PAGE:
Git is one of the most powerful and effective revision control systems available. It's lightweight and highly configurable, complimenting almost anyone's programming workflow. Predominately you interact with git from the command line, inputting commands such as
git status or
git commit to manipulate your repository.
When you first learn git the CLI can be daunting and confusing. Browsing through your history of commits with
git log is not efficient. Even after you learn a few tricks such as
git log --graph --oneline --all it remains difficult to really explore your history.
This is why a git GUI can put the joy back into using git.
This article is focused on git GUIs for Mac OS X running 10.5 or greater. As I find new git GUIs I will add them to this list, hopefully making a canonical collection of Mac git GUIs.
GitXGitX is one of the most popular open-sourced Git GUI for the Mac. Subsequently it has been the source of numerous forks. Here's three of the best forks I know about.
The first GitX version released was created by pieter on his GitHub account. This version is highly stable however it lacks two very important things: features and active development. The last time this version of GitX was updated was on Oct 2nd, 2009. Due to the lack of a development cycle the UI has begun to show its age. To toggle between viewing your history and staging a commit isn't as intuitive as other git GUI clients. This version is quite minimal in that regard: you can view your history, stage commits, and commit.
No active development Non-intuitive UI
This is one of the more popular GitX forks available. It was my client of choice until I discovered one big problem this fork has: it runs very slow with large repos. When I first began using GitX (L) my repos were small enough that it ran fine. However as soon as my repo grew this fork couldn't keep up. Every time I'd refresh my history of commits I'd have to wait upwards of 30 seconds for it to finish scanning my log history.
Aside from the performance issues on large git projects this fork brings a lot of nice UI improvements. The overall usability of this GitX client is great. The screens are clearly laid out, easy to navigate, and the GUI doesn't get in the way should you want to drop into a CLI and directly type in some git commands.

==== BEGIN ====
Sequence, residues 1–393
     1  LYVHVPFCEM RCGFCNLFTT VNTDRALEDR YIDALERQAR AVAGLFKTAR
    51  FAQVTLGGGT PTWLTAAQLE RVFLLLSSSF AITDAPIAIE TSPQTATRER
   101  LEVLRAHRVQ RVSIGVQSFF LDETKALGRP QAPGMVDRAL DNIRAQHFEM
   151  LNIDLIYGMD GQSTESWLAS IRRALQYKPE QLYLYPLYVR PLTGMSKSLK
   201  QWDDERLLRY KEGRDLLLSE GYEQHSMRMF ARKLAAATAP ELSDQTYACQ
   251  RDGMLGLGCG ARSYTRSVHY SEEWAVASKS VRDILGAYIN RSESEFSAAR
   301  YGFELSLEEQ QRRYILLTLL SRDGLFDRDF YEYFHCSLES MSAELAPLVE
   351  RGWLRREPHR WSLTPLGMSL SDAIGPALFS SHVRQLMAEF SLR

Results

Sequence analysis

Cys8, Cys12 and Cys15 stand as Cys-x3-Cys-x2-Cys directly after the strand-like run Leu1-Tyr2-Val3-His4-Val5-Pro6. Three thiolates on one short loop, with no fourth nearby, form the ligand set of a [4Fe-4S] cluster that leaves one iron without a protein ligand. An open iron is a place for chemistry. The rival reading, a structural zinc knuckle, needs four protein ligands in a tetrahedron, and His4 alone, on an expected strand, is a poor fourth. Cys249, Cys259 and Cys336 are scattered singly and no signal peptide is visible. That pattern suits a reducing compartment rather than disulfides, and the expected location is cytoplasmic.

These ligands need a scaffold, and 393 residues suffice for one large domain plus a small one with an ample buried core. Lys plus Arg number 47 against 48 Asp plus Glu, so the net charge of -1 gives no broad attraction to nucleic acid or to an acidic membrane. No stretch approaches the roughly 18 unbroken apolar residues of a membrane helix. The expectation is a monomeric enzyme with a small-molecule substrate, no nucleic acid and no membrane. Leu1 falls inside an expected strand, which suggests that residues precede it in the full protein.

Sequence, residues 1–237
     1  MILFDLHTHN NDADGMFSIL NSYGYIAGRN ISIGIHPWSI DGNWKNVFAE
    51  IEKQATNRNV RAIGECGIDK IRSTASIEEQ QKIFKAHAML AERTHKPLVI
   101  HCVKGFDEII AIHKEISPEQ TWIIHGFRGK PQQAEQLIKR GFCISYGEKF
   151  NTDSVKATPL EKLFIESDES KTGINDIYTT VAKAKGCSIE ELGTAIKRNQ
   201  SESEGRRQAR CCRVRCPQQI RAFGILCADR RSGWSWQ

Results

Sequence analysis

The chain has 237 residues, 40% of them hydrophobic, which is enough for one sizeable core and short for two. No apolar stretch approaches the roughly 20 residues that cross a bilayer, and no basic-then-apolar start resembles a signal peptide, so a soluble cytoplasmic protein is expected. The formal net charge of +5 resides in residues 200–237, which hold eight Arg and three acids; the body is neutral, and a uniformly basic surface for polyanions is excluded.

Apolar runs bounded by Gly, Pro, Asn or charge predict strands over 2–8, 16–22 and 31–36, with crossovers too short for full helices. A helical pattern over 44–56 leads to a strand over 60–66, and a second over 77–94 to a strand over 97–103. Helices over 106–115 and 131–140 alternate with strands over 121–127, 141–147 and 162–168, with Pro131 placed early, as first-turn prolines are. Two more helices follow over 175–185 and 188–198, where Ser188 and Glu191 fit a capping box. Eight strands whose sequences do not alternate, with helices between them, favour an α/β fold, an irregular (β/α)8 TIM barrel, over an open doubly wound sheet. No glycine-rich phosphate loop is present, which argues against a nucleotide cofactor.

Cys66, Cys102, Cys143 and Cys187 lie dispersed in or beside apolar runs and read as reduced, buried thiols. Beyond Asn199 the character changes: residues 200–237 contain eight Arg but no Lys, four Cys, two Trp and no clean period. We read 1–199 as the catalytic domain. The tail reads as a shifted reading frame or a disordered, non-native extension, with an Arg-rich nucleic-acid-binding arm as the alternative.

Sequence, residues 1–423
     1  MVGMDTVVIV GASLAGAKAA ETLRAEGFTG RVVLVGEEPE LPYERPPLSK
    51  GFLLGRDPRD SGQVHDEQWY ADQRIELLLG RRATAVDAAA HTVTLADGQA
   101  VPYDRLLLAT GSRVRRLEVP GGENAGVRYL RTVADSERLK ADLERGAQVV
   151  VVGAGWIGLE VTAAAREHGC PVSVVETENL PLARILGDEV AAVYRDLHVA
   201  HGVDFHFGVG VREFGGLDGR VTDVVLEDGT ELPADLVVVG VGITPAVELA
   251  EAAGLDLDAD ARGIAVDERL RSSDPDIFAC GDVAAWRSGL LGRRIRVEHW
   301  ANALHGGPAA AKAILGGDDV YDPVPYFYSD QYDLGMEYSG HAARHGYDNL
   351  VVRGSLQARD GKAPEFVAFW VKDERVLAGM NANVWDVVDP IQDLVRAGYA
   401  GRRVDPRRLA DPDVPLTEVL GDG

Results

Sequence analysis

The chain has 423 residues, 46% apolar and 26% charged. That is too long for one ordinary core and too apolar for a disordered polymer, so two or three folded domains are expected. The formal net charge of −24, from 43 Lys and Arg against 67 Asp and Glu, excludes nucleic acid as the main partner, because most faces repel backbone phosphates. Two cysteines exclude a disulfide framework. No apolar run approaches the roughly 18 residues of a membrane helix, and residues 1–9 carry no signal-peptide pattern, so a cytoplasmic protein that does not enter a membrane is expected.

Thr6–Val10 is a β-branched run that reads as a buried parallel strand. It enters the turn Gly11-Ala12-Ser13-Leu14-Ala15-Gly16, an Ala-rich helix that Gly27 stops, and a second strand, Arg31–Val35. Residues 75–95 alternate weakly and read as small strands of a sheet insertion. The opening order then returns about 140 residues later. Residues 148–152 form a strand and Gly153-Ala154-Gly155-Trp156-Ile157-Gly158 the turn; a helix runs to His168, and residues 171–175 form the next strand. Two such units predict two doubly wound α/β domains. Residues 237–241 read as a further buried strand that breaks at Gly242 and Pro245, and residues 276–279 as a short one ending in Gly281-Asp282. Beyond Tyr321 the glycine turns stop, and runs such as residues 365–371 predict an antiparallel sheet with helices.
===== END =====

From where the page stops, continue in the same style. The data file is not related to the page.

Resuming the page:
Free Easy commit history view Shows how far ahead/behind your branch is with a remote branch Staging commits is easy and fast Easy to view and checkout tags, branches, and stashes
Very slow on large repositories
Free All the pros of GitX (L) Very fast loading of large repos
Removed UI view of how many ahead or behind your branch is of a remote branch
Gitbox prides itself on its minimalism. The UI is calm but plain, with few buttons available to push, allowing you to focus on your commit history and staging. It doesn't have a built in diff app so by default it makes use of FileMerge but is compatible with a range of 3rd-party diff applications. Most of what you see in Gitbox is fairly easy to do in a CLI, however if you must have a GUI for those tasks then Gitbox is the GUI for you.
Free for 1 repo Minimalistic Fairly fast
Paid for more than 2 repos Un-intuitive UI for staging Features hidden in dropdown boxes Not enough UI features to justify GUI
Tower is one of the more full-featured git GUI clients available. Nearly everything that you would want to do with git you can do with Tower. This makes for a very powerful GUI however one that can be intimidating on first blush. Each screen has a lot going on as it seems that the creators of Tower tried to implement nearly everything you could do with git in the CL with a GUI. This makes for screens bursting with buttons and tabs and tables of information. If you really don't like the CL then Tower is a suitable choice for you.
Full-featured - can do nearly everything via GUI Pretty UI Adopts OS X UI standards
Paid, $59 for a license Crowded UI Lots of buttons
This GUI is another full-featured one that rivals Tower. Where it differs significantly is the price: SourceTree is freely available in the Mac App store. That's a nice convenience that makes installing this GUI a breeze. Another nice feature of SourceTree is it is able to load Mercurial repositories alongside git repositories. Like Tower you can do almost anything through SourceTree that you can do through the git CL client. SourceTree also has a lot of buttons in its UI however I found these UI elements to be more intuitive than Tower's. SourceTree makes a lot of things automatic and easy to use, making it one of the best choices for a git newbie.
Freely available in Mac App Store Full-featured Fast
Lots of buttons Some tasks easier to perform via CL
And that wraps up all the git GUIs that I know of! It should go without saying but your mileage may vary so pick the GUI that best suits you. What I might not like about Gitbox might be what you love about it, and that's ok.
I will warn that using a git GUI exclusively is a bad idea. You should learn how and why git works the way it does. Inevitably you will run into some weird problem and solely relying on a GUI to help you could lead to even more problems. Learn the git command line client. When you know it then enjoy the benefits of a GUI to speed up your workflow.
I personally use GitX - Rowanj to stage my commits and search my commit history. I use the command line for almost everything else. I push, merge, and rebase exclusively through the command line, giving myself complete control over my git commits.
Whatever GUI you pick just make sure it works for you and you aren't working for it. With that said, get coding!